Index on Censorship honours free expression champions
This year's Guardian Journalism Award, which recognises determined and brave journalism offering a different point of view, went to Sri Lanka's paper "The Sunday Leader" and its journalists, who have been subject to threats and harassment since it was launched 15 years ago.
The assassination of editor Lasantha Wickrematunge in January sparked protests and vigils around the world. His brother Lal has since taken on the position of editor.
The Economist New Media Award went to Psiphon, a software tool developed at the University of Toronto that lets people in a country that censors the Internet get access to web pages anywhere, bypassing government restrictions. Psiphon is launching a new version next month at: http://psiphon.ca
"The Devil Came on Horseback", a documentary taking the viewer on an emotionally charged journey into the heart of Darfur, with first-hand testimony from U.S. Marine Brian Steidle, won the film award. Ultimately frustrated by the inaction of the international community, Steidle resigned from his position and returned to the U.S. to expose the stories of lives he believed were being systematically destroyed.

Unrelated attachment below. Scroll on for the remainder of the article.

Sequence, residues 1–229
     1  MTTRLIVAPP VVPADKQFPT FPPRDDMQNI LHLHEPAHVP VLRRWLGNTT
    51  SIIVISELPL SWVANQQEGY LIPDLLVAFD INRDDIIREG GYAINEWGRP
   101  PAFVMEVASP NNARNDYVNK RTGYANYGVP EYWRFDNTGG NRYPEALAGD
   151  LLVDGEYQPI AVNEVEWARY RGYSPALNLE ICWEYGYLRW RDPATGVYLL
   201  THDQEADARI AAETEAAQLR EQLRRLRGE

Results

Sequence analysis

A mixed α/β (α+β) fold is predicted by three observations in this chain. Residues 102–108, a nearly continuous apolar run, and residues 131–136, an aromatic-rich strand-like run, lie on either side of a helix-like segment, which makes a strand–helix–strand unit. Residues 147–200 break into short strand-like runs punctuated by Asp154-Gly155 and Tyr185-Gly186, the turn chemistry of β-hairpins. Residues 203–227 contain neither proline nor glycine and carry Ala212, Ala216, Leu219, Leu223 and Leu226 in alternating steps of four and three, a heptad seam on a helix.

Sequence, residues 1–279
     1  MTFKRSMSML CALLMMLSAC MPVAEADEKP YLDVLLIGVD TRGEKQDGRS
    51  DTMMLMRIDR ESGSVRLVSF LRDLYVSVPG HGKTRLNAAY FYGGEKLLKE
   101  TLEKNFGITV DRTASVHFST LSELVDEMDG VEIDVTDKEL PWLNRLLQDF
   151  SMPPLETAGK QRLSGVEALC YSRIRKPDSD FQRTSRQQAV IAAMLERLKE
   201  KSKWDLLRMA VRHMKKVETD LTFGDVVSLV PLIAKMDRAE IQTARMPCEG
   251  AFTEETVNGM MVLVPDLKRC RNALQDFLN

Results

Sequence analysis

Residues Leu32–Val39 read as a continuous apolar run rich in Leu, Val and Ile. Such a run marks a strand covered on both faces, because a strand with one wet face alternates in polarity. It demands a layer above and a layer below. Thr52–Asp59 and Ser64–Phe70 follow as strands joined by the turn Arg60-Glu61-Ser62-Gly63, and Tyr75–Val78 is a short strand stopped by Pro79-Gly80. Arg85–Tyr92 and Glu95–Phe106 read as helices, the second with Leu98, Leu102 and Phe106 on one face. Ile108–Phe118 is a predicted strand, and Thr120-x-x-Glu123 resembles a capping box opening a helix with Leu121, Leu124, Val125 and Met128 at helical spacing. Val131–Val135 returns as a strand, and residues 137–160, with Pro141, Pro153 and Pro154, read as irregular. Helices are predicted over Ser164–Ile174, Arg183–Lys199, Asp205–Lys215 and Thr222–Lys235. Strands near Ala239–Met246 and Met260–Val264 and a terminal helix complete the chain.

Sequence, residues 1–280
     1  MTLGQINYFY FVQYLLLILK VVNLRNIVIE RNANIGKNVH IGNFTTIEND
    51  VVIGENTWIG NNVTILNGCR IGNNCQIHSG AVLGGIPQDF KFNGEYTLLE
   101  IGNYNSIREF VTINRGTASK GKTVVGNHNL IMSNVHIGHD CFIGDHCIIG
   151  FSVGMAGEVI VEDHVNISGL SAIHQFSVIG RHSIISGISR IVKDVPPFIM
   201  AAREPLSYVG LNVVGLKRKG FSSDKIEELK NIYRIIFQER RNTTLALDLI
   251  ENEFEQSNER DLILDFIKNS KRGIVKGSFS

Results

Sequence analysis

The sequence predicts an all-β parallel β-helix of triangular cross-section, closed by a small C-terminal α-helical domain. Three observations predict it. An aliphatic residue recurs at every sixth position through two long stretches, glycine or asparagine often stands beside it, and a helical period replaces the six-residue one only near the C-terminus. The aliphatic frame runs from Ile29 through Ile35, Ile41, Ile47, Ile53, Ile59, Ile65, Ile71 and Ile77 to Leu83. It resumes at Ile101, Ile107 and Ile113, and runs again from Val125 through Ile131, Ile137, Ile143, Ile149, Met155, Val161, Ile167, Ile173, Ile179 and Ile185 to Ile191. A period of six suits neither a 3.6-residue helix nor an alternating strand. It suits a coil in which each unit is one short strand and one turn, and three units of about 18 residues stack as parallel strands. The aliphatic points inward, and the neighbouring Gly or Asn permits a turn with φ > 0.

Ma Jian took home the TR Fyvel Book Award for "Beijing Coma", an account of the life of student Dai Wei, who took a bullet to the head on 4 June 1989 in Tiananmen Square and ended up in a coma.
And the Bindmans Law and Campaigning Award went to leading human rights lawyer in Malaysia, Malik Imtiaz Sarwar. Imtiaz has been a central figure in fighting lawsuits brought against journalists and bloggers, including Raja Petra Kamaruddin, whose release he secured last year. Because of his work, he has been declared a traitor to Islam and has had numerous death threats levelled against him.
Index on Censorship chair Jonathan Dimbleby said the awards were "a chance to celebrate those who against all odds have made distinguished contributions to this vital cause - to protect and enhance liberty in Britain and around the world."